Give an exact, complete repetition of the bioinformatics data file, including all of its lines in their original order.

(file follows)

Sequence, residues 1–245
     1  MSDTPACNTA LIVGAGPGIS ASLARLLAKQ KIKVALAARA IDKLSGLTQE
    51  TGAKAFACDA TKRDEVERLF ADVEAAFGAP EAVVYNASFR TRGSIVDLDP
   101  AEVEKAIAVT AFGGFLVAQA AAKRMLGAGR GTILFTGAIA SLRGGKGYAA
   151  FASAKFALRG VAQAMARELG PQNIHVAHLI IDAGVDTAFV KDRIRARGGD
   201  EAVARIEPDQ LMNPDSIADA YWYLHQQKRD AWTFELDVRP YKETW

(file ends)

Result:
Sequence, residues 1–245
     1  MSDTPACNTA LIVGAGPGIS ASLARLLAKQ KIKVALAARA IDKLSGLTQE
    51  TGAKAFACDA TKRDEVERLF ADVEAAFGAP EAVVYNASFR TRGSIVDLDP
   101  AEVEKAIAVT AFGGFLVAQA AAKRMLGAGR GTILFTGAIA SLRGGKGYAA
   151  FASAKFALRG VAQAMARELG PQNIHVAHLI IDAGVDTAFV KDRIRARGGD
   201  EAVARIEPDQ LMNPDSIADA YWYLHQQKRD AWTFELDVRP YKETW